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|Also Known As:||Died:|
|Born:||November 8, 1972||Cause of Death:|
|Birth Place:||Deep River, Connecticut, USA||Profession:||Cast ... actor waitress coat check girl|
ing to sabotage her career. She also landed a role on the much-anticipated new HBO series co-created by Martin Scorsese, "Boardwalk Empire" (2010- ), playing an Atlantic City showgirl who is the mother of Jimmy Darmody (Michael Pitt), an old friend of Nucky Thompson (Steve Buscemi) and the former lover of Lucky Luciano (Vincent Piazza). That film underperformed at the box office and left Mol the subject of indifference from an industry that sought to build her up in the first place. Both determined and resilient, Mol continued to plow forward with her career, playing Leonardo DiCaprioâ¿¿s girlfriend in Woody Allenâ¿¿s "Celebrity" (1998) and Marion Davies in "Cradle Will Rock" (1999). She enjoyed roles in the remake of "Picnic" (CBS, 2000) before performing in a London stage production of Neil LaButeâ¿¿s "The Shape of Things" (2001), a role she reprised in the directorâ¿¿s 2003 film adaptation. After struggling to regain her footing, Mol finally broke through with an acclaimed performance in the title role of the indie biopic "The Notorious Bettie Page" (2006). From there, she co-starred opposite Russell Crowe and Christian Bale in "3:10 to Yuma" (2007) and had a short-lived regular role on the U.S. remake of "Life on Mars" (ABC, 2009). Finding new life on the small screen, Mol had a recurring role as a showgirl and mother on the critically acclaimed "Boardwalk Empire" (HBO, 2010- ), a testament to her ability to shed an image as a flavor of the month.
Gretchen Mol was born Nov. 8, 1972, in Deep River, CT, a small town within commuting distance of New York City, NY. Her mother was an artist and teacher and her father was a school principal. Both parents encouraged her and her brother, Jim, to pursue their interest in the arts, taking their children to plays and museums in the city. Mol knew from an early age that she wanted to act, so naturally, she moved to New York City as a teenager, attending The American Musical and Dramatic Academy. She followed up with even more rigorous theatrical training, graduating from the prestigious William Esper Studio in New York. She did summer stock in Vermont before returning to New York. With a wealth of arts education on her resume, Mol did what most aspiring actors do â¿¿ she took a minimum wage job, went on auditions, and prayed for a big break.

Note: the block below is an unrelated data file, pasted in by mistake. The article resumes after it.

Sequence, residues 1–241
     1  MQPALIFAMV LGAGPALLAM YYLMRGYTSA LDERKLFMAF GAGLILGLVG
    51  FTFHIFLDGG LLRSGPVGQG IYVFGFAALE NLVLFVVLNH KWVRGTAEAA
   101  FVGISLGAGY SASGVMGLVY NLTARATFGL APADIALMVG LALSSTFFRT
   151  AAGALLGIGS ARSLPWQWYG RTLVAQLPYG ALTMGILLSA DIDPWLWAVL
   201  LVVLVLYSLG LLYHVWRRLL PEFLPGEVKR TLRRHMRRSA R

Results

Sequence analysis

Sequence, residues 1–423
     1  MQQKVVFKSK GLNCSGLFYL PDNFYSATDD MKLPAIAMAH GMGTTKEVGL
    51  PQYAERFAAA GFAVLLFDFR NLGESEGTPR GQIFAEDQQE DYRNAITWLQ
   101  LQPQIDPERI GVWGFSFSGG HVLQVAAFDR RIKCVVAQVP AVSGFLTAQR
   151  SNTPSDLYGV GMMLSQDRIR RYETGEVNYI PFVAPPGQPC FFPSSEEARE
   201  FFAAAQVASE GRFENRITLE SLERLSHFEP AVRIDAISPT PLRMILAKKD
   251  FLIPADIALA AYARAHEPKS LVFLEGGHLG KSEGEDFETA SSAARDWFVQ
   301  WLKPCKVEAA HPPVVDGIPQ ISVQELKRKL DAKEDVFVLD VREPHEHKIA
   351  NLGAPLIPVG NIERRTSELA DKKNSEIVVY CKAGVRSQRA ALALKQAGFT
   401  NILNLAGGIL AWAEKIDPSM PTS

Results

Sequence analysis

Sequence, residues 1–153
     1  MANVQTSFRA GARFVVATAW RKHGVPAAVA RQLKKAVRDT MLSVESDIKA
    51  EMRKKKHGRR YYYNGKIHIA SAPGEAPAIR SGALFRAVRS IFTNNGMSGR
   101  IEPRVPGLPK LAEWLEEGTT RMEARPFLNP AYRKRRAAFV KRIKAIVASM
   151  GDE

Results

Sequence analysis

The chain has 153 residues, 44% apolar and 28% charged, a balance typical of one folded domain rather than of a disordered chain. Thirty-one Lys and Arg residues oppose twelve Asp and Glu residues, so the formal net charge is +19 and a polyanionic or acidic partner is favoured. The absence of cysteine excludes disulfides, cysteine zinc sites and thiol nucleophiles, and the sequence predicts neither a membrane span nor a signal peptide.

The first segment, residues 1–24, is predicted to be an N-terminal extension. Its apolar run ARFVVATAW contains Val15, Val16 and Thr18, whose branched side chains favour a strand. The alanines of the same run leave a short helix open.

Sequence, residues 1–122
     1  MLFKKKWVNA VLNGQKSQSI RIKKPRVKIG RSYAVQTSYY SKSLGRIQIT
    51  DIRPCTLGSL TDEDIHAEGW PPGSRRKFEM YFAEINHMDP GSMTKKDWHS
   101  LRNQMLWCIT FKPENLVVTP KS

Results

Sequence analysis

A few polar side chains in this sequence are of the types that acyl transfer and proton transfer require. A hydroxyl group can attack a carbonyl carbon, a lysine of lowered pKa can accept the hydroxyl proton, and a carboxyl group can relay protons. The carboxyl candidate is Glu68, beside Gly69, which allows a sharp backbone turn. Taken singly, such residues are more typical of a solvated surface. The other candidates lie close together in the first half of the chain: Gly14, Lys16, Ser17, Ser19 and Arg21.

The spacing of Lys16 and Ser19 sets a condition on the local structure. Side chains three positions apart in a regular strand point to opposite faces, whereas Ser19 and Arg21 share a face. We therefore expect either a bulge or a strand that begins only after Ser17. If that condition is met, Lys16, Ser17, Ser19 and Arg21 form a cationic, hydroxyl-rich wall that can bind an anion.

While working as a hat check girl at Michael's, a trendy New York restaurant that catered to the literary and arts crowd, Mol was discovered by a talent agent who was struck by her wholesome beauty. The agent helped Mol land a Coke commercial, and while hardly a big movie or TV role, she did get paid handsomely and could now call herself a working actress. She did a little modeling on the side and auditioned for roles on daytime dramas, resisting the urge to move from New York to try her luck in Los Angeles until it was no longer viable not to. Mol's reluctance to relocate proved a wise decision when director Spike Lee cast her as Girl #12 in his film "Girl 6." Mol played a phone sex operator; a role that caught the attention of another New York director, Abel Ferrara, who in turn cast Mol in his film "The Funeral" (1996). Playing the girlfriend to Vincent Gallo's gangster was not exactly a star turn for Mol, but it kept the momentum going in her career and landed her a similar role as the girlfriend to Michael Madsen's gangster in "Donnie Brasco" (1997) â¿¿ a high-profile Hollywood movie starring Johnny Depp and Al Pacino; the kind of film actors dream of being involved with.
The film also helped introduce Mol to the power players in Hollywood and led to her getting cast as Matt Damon's girlfriend in "Rounders." The neo-noir poker drama also starred Ed Norton, when both he and Damon were just emerging as major film stars. The entertainment press hyped the pairing of the two young actors as if it was the second coming of Robert Redford and Paul Newman. The Hollywood hype machine swept Mol up in the avalanche of publicity for the film as well, culminating in her Vanity Fair cover and profile. When the film failed to capture a wide audience, its two male stars continued their ascent to stardom, while Mol was labeled box office poison; in effect, not having lived up to all Hollywood had been so gracious to bestow on her.